Drawings and text created for
 publication in the
International Parti Poodle Gazette
November 2006 Issue

“What is it, Pee-kell?” Although I have little knowledge of the language, I always feel compelled to use French when speaking to my parti-colored Standard Poodle Sydney . . . ergo, my Frenchesque pronunciation of Pickle, one of her nicknames.

She had come rushing into the kitchen with an expectant air. When she saw she had my attention, she led me into the next room where her older brother Jyah was lying on the floor nibbling on a toy. Eagerly looking from me to the toy, Sydney sidled ever closer, positioning herself within a few feet of Jyah.

Laughingly, I said, “It's not going to work, my little Pee-jon (pigeon); I'm not going to help you take that toy away from Jyah.”

Upon hearing his name, Jyah looked up, “What's up, Mom?”

That was all the opening Sydney needed. She dove in and snatched the toy from between Jyah's paws before he could blink. Her ploy to enlist my support had, in her mind, worked brilliantly. I'm sure she had sweetly asked Jyah for the toy, and when that failed, she manipulated me into helping her get it.

Sydney is all girl - graduated at the top of her class in feminine wiles and is well-practiced in her art. She uses charm to obtain what she wants, and if that doesn't succeed, she skillfully tries to manipulate a situation to her own advantage. Although I'm on to her game, it's something I find amusing to watch . . . and sometimes to play along with. My husband Glenn, however, is oblivious to Sydney's ploys. He travels a great deal, and when he's home, Sydney hangs on his every word, follows wherever he goes, crawls onto his lap to snuggle, and gazes at him with soulful eyes.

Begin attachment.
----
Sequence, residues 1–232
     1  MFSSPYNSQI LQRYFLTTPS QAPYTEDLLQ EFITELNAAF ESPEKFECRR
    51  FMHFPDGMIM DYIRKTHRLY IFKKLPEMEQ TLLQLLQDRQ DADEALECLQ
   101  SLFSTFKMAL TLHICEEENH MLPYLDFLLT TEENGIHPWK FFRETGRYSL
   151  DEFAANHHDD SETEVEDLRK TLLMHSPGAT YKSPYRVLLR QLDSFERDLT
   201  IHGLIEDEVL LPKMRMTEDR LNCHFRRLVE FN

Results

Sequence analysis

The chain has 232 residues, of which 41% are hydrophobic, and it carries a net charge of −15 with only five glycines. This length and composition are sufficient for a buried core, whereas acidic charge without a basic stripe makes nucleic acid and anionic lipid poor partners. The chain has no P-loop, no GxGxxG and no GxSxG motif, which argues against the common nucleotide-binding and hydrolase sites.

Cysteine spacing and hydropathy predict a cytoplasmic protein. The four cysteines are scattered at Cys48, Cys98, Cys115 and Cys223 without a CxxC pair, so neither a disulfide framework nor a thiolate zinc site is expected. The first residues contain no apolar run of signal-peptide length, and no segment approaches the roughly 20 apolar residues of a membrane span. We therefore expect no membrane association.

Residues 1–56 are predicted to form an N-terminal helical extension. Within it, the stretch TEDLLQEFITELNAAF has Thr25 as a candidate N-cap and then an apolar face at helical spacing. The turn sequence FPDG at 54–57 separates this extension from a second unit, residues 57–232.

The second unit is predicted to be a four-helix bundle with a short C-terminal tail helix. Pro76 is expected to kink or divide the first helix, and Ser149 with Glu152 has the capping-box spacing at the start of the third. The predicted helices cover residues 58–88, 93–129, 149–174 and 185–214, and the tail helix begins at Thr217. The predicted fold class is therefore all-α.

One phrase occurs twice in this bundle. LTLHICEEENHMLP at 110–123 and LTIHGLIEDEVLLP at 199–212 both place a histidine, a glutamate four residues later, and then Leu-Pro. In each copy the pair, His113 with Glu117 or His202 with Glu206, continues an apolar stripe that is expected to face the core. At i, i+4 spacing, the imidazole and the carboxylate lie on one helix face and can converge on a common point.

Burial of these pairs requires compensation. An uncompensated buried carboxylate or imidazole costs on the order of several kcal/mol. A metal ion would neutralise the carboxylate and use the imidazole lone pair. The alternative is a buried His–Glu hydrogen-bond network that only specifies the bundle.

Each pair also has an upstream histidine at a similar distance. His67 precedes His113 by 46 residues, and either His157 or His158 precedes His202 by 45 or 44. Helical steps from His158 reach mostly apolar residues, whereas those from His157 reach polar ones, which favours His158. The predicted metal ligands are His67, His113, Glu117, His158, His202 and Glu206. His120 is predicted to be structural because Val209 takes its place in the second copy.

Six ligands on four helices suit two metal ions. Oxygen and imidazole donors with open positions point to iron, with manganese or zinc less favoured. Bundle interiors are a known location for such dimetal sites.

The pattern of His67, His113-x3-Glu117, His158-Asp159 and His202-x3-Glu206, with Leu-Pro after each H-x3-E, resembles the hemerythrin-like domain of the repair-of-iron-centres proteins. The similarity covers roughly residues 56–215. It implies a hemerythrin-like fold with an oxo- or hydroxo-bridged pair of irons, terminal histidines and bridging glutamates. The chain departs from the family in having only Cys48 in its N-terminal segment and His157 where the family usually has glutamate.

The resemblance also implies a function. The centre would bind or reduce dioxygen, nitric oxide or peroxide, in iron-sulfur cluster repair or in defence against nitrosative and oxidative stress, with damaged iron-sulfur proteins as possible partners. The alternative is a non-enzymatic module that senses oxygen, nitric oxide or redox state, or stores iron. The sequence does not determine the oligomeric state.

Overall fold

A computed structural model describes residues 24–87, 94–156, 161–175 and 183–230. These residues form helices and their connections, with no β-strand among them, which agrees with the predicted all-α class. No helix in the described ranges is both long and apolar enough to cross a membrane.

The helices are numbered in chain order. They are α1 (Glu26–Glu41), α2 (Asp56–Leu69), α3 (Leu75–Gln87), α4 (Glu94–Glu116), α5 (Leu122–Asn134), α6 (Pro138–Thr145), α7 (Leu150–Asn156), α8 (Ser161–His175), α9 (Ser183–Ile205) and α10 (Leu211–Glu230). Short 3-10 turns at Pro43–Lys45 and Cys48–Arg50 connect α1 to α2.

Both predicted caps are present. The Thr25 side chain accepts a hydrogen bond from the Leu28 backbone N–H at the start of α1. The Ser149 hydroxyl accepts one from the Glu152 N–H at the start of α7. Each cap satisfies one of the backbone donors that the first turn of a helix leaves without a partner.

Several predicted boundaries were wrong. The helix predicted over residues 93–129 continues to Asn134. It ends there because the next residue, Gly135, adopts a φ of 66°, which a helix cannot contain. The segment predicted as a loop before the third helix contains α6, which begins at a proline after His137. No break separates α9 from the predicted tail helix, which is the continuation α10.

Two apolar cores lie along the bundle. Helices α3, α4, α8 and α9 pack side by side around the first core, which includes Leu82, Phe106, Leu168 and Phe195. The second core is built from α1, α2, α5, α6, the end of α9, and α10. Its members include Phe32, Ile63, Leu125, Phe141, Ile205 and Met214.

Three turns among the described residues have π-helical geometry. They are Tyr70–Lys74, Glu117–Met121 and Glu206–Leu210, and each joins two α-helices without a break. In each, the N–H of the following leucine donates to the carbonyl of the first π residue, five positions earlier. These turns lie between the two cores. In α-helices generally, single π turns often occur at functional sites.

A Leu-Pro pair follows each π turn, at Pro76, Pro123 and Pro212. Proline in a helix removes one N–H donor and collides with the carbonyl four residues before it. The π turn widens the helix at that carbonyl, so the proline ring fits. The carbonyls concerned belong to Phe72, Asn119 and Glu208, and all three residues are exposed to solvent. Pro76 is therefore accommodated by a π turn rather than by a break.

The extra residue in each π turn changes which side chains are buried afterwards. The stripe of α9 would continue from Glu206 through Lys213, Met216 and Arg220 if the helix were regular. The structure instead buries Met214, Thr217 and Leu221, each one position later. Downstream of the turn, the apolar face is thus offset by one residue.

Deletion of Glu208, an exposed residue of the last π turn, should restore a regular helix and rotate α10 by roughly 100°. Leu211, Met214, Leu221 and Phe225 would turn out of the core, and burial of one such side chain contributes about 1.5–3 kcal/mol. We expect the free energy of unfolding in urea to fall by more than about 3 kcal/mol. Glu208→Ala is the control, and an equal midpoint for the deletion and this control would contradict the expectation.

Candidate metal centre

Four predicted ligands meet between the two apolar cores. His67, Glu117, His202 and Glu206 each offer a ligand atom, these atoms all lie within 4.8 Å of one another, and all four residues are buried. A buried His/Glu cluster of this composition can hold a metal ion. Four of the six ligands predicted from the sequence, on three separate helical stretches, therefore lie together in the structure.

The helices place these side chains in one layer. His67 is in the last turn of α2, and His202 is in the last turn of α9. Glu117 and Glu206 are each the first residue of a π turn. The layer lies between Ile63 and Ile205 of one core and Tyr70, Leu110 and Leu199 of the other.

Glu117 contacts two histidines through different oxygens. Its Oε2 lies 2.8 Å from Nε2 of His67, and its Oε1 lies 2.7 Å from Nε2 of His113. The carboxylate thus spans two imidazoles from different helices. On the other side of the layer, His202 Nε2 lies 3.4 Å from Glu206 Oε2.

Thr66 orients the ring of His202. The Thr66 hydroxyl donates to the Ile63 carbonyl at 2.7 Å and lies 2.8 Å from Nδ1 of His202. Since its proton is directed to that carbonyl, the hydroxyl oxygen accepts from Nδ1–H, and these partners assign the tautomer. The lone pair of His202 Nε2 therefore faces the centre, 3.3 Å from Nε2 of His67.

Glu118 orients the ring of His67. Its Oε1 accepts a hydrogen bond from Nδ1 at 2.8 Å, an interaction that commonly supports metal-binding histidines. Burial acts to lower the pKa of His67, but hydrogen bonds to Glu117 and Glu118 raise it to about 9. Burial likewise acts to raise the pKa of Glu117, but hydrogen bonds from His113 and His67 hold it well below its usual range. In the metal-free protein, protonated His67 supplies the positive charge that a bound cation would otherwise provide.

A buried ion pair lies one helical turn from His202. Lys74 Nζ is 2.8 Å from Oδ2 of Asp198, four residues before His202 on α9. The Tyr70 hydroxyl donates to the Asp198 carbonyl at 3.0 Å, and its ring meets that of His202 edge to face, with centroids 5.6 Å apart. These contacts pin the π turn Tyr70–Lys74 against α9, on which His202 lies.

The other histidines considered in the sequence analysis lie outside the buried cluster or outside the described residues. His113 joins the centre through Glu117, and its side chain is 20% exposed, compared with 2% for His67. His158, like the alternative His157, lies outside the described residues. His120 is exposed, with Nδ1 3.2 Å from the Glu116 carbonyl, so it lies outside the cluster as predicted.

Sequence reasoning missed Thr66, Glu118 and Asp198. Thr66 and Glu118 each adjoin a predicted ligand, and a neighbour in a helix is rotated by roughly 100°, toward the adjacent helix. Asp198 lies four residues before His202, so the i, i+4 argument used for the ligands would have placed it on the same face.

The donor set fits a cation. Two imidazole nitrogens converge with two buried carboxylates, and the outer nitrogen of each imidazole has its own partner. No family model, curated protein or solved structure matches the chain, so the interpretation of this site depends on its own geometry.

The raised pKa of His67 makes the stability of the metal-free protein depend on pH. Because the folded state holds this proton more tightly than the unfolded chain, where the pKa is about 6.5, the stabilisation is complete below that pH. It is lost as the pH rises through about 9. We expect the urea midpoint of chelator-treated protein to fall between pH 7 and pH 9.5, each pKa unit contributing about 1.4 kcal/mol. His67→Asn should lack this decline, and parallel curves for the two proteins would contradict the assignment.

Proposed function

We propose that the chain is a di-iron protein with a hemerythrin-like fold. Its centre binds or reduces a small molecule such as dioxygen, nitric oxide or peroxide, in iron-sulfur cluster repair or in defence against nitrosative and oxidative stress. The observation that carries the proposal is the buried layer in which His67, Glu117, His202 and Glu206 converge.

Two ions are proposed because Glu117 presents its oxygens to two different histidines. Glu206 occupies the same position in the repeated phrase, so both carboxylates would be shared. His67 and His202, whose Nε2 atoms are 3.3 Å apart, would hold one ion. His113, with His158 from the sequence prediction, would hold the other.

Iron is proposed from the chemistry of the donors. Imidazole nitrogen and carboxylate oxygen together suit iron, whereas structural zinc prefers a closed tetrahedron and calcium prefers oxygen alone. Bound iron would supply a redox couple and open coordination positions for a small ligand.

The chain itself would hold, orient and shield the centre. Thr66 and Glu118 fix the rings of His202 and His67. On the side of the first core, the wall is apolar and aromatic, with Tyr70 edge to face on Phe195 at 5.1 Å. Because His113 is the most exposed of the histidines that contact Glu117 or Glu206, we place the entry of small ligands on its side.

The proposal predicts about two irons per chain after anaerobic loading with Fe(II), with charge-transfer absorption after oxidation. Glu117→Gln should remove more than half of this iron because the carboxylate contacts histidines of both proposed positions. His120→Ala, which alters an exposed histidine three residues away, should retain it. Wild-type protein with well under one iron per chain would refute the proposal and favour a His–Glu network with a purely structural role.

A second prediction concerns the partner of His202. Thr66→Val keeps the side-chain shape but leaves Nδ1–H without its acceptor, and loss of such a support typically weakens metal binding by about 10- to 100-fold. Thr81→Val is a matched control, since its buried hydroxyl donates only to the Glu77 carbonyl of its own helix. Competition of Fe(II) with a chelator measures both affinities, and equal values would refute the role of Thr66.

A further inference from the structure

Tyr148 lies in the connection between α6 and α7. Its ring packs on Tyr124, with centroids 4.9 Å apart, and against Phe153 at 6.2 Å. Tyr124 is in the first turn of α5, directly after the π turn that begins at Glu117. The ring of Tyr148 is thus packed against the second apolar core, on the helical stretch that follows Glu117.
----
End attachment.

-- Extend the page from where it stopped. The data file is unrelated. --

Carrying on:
Although he studied French for a year in college, Glenn does not speak or understand the language; however, like me, he has the urge to address Sydney in French. Not long ago, he arrived home from a trip to Montreal, and Sydney, as usual, was beguiling him with her girlish charm. Gathering her onto his lap, Glenn said, "Bonjour, mon petit Bonbon." Then, reacting to her response, he captioned for her, "Oh, Daddy, I do so love it when you speak French!"

I swallowed a snicker. Knowing Sydney to be an adorable manipulator, my pet names for her, although equally endearing, are less flattering than her daddy's. Whereas his sobriquets such as “mon petit Bijou” (my little jewel) are dainty and precious, mine are silly names that better fit her wily ways.

Sydney's creativity in getting what she wants seems boundless, whether she's working her spell on Glenn or wheedling something away from Jyah, and it's always entertaining to watch. She virtuously performs these acts as if she truly believes she is entitled to whatever she is seeking.

I must admit that even I am occasionally taken-in by Sydney's charm. Recently, she was lying on the floor next to my easy chair where I sat reading. She raised her head to gaze at me for a moment, then arose and came to lay her chin on my lap, looking up at me through long, sweeping lashes. “What is it mon Chee-ken (chicken)?” She turned, asking me to follow. “Do you have to go outside?” I got up and toddled into the kitchen to open the back door. But, when I got there, Sydney was not with me. As I walked back into the den, I found her curled up with angelic innocence in my easy chair. The coquette had pulled off another coup - and I had not even seen it coming.


By Charlene Dunlap